Sunday, January 24, 2016

Bookworming: Ancillary Justice

Ancillary Justice, Ann Leckie, ***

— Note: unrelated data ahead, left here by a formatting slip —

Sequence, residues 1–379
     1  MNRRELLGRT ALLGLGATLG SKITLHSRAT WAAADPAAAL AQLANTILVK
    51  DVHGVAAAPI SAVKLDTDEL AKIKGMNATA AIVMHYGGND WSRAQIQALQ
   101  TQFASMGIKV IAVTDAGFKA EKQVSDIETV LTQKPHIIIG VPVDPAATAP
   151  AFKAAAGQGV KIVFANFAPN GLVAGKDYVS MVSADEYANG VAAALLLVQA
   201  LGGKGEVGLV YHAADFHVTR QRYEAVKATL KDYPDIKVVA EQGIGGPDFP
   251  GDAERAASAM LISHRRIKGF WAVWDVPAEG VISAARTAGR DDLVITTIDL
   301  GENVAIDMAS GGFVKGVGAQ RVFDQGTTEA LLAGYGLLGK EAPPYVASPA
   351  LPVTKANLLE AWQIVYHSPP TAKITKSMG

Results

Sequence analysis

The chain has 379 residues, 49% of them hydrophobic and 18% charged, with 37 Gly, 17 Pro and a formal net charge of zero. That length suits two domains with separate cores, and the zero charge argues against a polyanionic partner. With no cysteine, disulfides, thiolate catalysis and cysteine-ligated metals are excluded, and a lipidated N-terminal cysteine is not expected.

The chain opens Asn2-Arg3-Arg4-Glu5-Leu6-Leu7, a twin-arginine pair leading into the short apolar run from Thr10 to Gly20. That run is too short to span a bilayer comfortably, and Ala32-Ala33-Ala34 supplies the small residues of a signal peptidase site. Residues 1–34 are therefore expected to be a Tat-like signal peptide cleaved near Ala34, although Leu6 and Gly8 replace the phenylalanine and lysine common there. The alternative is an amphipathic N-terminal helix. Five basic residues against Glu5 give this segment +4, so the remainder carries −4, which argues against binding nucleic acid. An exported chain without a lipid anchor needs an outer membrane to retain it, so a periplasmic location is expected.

This is a science fiction novel examining individuality and identity. That's not actually the plot, but that's what drives the book, at least for me. Our point of view is provided by the titular Ancillary, a human altered to be a tool for and extension of a starship's artificial intelligence. The first thing that jumps out at you is the use (or lack thereof) of gender. The society that created the ship, the Imperial Radch, de-emphasizes gender, and all the various cultures the ship encountered over its existence expressed it in a variety of ways, leading the AI to be bad at telling the difference between men and women. In addition, many parts of the story involve the ship seeing and acting through multiple ancillaries at a time. Both of these factors could be considered confusing. I think Leckie did an amazing job of keeping the multi-viewpoint clear through the narrative. And having a mostly gender-less cast leads to some interesting questions about gender assumptions for the various characters as the story unfolds. The world building is deft, slowly building from tight focus to the situation in the wider galaxy. In all, there is much here to commend. The book is a slow burn, structured somewhere between quest and unfolding mystery with a great deal of philosophizing mixed in. While it is a space opera of sorts, it falls much more on the Star Trek examination of philosophy and identity side of the spectrum than the Star Wars action and adventure side. For science fiction fans, I think trying this one out should be an easy decision. (If all the awards didn't already give that away.) For a wider audience, I expect mileage may vary by taste and expectations.

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